Wednesday, June 10, 2015

What Happens When a Viral Participatory Project is Too Successful? Diagnosing the Power of the Love Locks

Last week, the international press lit up with a story from Paris: the city is removing the "love locks" from the Pont des Arts bridge. 45 tons of rusting padlocks, inscribed with lover's names, were hauled off to protect the historic bridge and its views of the city. And so, one of the most successful, accidental, and fraught participatory projects of the past decade comes to an end.

The "love locks" are not a project with an institutional or artistic director. Nor are they historic. They started to proliferate on bridges around the world in the mid-2000s. The concept is simple: visit a picturesque bridge in an historic city. Carve or write your names on a padlock. Lock the lock to the bridge, throw the key in the water below. Your love is memorialized forever... or until the municipality decides that the locks must go.

No one planned the love locks, but their success is rooted in the same principles that make all the best participatory projects work:
  • it requires no instructions beyond its own example. See the other locks on the bridge, and you immediately understand how to participate. The other participants teach you how to play. While the tools require some forethought (purchasing and inscribing a lock), on the most active bridge, enterprising vendors have sprung up, ready to sell you a lock and inscribe it for you.
  • it is simple to do, but it feels significant. So many participatory projects do the opposite, requiring you to take a dozen tricky steps to no meaningful end. Payoff here is fast and powerful. 
  • it has emotional resonance. You don't need to write a missive about your relationship, just affix a symbol (which has been helpfully assigned by everyone else). And yet, the symbol feels important. It is an expression of the idea that love is forever and no one can tear you apart. I've read stories of people affixing locks during honeymoons, but also after the death of a spouse or a child. Sentimentalities can be embarrassing to say aloud... which means we are constantly seeking comfortable, often symbolic, ways to express them.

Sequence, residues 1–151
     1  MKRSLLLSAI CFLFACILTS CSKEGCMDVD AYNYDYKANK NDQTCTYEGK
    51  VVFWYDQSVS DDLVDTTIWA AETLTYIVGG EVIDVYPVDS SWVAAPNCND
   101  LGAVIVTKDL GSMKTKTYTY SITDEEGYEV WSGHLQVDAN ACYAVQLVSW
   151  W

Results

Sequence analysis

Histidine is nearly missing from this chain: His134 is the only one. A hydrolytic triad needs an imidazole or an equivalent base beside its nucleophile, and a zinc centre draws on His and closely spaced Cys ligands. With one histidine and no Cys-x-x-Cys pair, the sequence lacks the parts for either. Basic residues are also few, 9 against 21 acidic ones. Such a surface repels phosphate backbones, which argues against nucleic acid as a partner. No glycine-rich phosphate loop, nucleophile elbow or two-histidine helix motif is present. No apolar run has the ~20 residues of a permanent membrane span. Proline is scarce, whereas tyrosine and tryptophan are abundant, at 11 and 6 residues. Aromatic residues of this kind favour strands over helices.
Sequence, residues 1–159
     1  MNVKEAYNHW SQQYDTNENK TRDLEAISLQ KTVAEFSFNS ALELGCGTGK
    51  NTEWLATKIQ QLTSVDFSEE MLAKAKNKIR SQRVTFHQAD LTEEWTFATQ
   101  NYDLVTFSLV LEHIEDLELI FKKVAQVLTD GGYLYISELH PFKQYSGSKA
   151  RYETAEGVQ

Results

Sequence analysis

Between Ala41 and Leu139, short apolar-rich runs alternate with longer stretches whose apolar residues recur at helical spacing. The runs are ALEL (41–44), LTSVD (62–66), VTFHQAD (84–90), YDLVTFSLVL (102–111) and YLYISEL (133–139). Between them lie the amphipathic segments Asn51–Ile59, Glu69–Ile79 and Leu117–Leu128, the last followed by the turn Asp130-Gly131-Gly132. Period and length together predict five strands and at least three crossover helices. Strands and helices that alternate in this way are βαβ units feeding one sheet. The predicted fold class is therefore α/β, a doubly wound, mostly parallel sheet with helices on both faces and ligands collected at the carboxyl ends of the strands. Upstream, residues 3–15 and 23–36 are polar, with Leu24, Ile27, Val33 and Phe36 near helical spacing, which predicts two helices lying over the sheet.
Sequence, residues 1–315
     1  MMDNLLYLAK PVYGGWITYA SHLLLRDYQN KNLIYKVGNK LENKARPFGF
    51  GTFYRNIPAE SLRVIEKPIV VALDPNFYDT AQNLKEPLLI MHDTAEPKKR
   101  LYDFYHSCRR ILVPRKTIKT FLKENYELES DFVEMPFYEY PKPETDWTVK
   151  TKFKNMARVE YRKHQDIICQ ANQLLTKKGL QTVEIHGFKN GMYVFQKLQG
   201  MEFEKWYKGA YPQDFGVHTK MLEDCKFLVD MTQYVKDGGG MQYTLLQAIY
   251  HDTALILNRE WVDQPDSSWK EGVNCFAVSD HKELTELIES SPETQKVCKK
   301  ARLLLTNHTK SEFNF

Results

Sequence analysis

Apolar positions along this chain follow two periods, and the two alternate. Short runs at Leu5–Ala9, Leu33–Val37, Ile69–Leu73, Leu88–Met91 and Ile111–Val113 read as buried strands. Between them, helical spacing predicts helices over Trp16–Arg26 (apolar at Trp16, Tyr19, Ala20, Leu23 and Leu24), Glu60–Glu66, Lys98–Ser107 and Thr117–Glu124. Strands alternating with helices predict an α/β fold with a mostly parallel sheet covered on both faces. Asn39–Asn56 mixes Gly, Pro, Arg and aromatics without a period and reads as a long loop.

• it is durational. One of the reasons lovers are so frustrated by the removal of the locks is that they can no longer fulfill step two of participation: visiting your lock years later and reconnecting with time past. Few couples will actually do it, but for those who do, there is a huge secondary sentimental payoff. If your contribution is thrown into the trash bin at the end of the day it was made, it may feel trivial. The longer it stays, the longer the perceived commitment to the participants and their experience.
  • it connects you to something greater than yourself. We often say at our museum that "make and share is better than make and take." We're constantly seeking ways to invite people to participate in projects that grow over time, so participants can see how their contribution became part of a greater whole. The love locks do this in an incredible way, connecting your love relationship to those of hundreds of thousands of other couples. It reminds me of that moment in a wedding when the officiant turns to the audience and says "all of you are here to bear witness to this commitment." The locks bear witness to each other, and to everyone who affixes one.
Of course, it is this great collective uprising of love and locks that is leading to the love locks' downfall. I support any municipality that feels that the locks must go. I understand that they can pose a danger to people's safety. That they invite tourists to vandalize others' cities. That they are another way to capitalize on sentimentality.

Yet still I see them as beautiful lessons in how we all want to participate. We just need the right opportunity and mechanism. That's the key.

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